Apple Inc (NASDAQ:AAPL), the largest U.S. company by market value, will join the Dow Jones industrial average <.DJI>, replacing AT&T Inc (NYSE:T), in a change that reflects the dominant position of the iPhone maker in the U.S. economy and society.
Continue Reading Below
The decision to nudge aside AT&T, which has been part of the Dow for the better part of a century, is a recognition of the way in which communications and technology have evolved over the last several decades.
"This is a sign of the times, and it might get everyone to look at the Dow more than they have been," said Richard Sichel, who oversees $2 billion as chief investment officer at Philadelphia Trust Co.
"It would be difficult to pick any 30 companies that would cover the entire economy, especially compared with the S&P 500, but it does give the Dow more credibility."
The action, by S&P Dow Jones Indices, had been widely expected since Apple split its shares seven-for-one in June of last year.
After the split, many investors felt it was only a matter of time before the iPad maker would be added to the 30-stock average, since its high stock price had previously made it unsuitable for the price-weighted index.
The Dow industrials is the oldest U.S. stock average, first been published in 1896. Its compact size - just 30 names - and its mission to reflect the U.S. economy mean it has a familiarity for retail investors that other indexes that cover a greater portion of the market's value do not.
Even though professional managers generally benchmark against the S&P 500, additions and removals from the Dow are still a big event. It was last altered in September 2013 when Goldman Sachs Group Inc
Apple, which has a market capitalization of $736 billion, did not respond to requests for comment.
AT&T declined to comment on its removal from the average. The company, which has a market value of $176.5 billion, has spent most of the last 100 years in the Dow. Its deletion from the index leaves Verizon as the sole telecommunications company in the average.
AT&T was added in 1916, the year after the first-ever transcontinental telephone call. It was removed in 2004. After SBC Communications renamed itself AT&T following a 2005 merger, it was reinstated.
"It was a new way of life: telephones, back then 100 years ago, these talking machines," said Howard Silverblatt, index analyst at S&P Dow Jones Indices.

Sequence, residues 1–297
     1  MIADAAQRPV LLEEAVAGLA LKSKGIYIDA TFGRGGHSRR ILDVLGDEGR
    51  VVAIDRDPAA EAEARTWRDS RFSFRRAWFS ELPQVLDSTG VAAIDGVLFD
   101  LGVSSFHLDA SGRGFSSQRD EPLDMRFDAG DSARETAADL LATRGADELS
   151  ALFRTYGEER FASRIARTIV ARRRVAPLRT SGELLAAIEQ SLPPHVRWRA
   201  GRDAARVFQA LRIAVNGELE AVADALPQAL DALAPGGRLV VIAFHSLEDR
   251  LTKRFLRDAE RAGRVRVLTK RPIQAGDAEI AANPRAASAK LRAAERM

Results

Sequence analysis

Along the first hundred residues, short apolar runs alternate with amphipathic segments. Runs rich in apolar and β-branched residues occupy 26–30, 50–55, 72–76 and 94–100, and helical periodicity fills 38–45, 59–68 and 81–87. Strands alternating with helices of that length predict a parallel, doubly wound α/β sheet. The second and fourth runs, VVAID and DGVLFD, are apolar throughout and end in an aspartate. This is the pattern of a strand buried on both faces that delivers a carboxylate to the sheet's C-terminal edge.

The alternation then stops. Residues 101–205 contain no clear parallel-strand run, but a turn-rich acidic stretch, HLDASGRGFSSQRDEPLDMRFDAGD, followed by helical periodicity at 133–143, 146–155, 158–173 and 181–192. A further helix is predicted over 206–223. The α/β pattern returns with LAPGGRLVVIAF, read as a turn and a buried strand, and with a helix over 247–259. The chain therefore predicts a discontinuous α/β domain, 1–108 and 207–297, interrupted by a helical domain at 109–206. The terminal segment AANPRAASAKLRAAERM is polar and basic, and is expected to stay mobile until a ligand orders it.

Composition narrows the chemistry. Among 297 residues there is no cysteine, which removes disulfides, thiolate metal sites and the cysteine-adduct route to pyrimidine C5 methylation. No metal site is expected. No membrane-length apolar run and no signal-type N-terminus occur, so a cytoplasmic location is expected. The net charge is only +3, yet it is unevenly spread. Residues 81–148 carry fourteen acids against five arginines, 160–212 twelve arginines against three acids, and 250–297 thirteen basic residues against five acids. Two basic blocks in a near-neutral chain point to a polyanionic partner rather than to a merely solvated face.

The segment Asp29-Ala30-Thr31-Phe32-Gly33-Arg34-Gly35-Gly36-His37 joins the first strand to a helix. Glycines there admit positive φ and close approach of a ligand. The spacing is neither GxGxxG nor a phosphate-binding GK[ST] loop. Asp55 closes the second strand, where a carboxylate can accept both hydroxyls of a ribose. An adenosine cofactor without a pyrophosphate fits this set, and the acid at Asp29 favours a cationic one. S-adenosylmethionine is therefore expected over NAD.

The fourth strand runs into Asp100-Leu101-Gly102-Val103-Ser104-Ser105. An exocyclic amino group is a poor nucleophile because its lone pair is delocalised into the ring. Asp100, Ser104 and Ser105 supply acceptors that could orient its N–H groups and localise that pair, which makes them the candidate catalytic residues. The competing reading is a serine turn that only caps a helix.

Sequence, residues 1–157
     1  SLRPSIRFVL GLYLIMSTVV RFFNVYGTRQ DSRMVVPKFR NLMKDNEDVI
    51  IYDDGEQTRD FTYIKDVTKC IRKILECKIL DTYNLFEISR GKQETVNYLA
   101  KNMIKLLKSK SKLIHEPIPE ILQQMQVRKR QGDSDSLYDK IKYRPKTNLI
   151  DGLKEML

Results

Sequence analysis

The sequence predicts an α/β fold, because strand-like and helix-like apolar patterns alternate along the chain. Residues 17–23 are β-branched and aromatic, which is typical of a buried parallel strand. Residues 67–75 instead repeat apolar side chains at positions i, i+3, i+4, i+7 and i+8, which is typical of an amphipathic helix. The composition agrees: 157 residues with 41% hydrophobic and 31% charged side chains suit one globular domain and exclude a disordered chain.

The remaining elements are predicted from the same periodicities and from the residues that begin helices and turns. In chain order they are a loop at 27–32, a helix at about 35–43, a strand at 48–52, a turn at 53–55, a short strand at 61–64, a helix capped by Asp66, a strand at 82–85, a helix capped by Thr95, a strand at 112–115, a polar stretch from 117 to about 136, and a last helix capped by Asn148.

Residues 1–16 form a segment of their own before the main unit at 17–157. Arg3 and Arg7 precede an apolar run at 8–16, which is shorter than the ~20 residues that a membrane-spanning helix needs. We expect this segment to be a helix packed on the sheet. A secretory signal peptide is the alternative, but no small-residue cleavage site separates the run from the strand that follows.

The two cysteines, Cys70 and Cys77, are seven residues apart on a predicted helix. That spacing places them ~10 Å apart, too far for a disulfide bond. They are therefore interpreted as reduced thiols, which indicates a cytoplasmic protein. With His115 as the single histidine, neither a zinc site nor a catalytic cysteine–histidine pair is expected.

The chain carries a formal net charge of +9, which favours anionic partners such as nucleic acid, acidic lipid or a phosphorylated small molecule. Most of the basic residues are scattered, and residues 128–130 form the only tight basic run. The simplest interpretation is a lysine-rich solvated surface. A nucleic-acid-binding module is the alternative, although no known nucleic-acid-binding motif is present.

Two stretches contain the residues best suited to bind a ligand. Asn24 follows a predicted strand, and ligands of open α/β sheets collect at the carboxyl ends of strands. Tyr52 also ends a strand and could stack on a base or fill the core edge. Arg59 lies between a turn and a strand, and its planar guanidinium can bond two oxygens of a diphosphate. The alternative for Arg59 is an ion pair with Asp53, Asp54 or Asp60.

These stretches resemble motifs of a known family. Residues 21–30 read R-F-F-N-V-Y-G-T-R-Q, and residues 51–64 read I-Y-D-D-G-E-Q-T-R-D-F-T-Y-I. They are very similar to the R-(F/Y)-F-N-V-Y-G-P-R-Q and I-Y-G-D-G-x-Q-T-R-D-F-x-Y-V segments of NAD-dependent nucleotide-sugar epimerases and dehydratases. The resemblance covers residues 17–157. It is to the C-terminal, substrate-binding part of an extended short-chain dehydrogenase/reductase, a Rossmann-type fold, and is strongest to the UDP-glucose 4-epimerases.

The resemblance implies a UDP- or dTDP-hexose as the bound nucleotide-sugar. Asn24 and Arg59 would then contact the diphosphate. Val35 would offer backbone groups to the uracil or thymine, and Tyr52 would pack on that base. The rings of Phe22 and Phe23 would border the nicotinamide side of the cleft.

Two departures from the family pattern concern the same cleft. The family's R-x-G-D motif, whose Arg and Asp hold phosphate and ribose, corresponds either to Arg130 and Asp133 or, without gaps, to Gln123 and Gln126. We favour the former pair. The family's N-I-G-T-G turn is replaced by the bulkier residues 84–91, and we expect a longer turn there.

In a twist of fate, Apple owes some of its success to its partnership with AT&T over the iPhone, the device that propelled Apple's dominance. The iPhone first hit the market in 2007 with AT&T as its exclusive carrier, a deal that continued for more than three years.
Since the iPhone's introduction, Apple's annual revenue has risen more than sevenfold, from $24.6 billion in 2007 to $182.8 billion most recently. AT&T has not seen the same kind of growth. Its revenue in 2014 was $132.4 billion, up 11 percent from $118.9 billion in 2007.
"There’s irony in that they are replacing AT&T, which helped them lift off to begin with,” said Neil Azous, founder of Stamford, Connecticut-based advisory firm Rareview Macro.
Despite Apple's size, it would as of Thursday's close only have a 4.66 percent weighting in the Dow because of its price, the index company said in a statement. Apple will join the average after the close of trading on March 18.
Shares of Apple rose 0.5 percent to $127.07 on Friday, while those of AT&T fell 1.4 percent to $33.52.
Had Apple had replaced any one of the 30 Dow components except Visa
Most of the assets indexed to the Dow industrials are through the S&P Dow Jones Industrials exchange-traded fund
Kevin Landis, chief investment officer of Firsthand Capital Management, a Silicon Valley-based technology-investing specialist with $300 million in assets under management, said he hopes that this is not a sign that Apple is past its prime.
“The Dow Jones is such a backwards-looking list, I cringed when Intel
Intel and Microsoft joined the average in November 1999, and their performance was weak for years following.
(Reporting by David Gaffen; additional reporting by Jonathan Spicer, Jessica Toonkel and Ryan Vlastelica; Editing by Dan Burns, Bernadette Baum and Steve Orlofsky)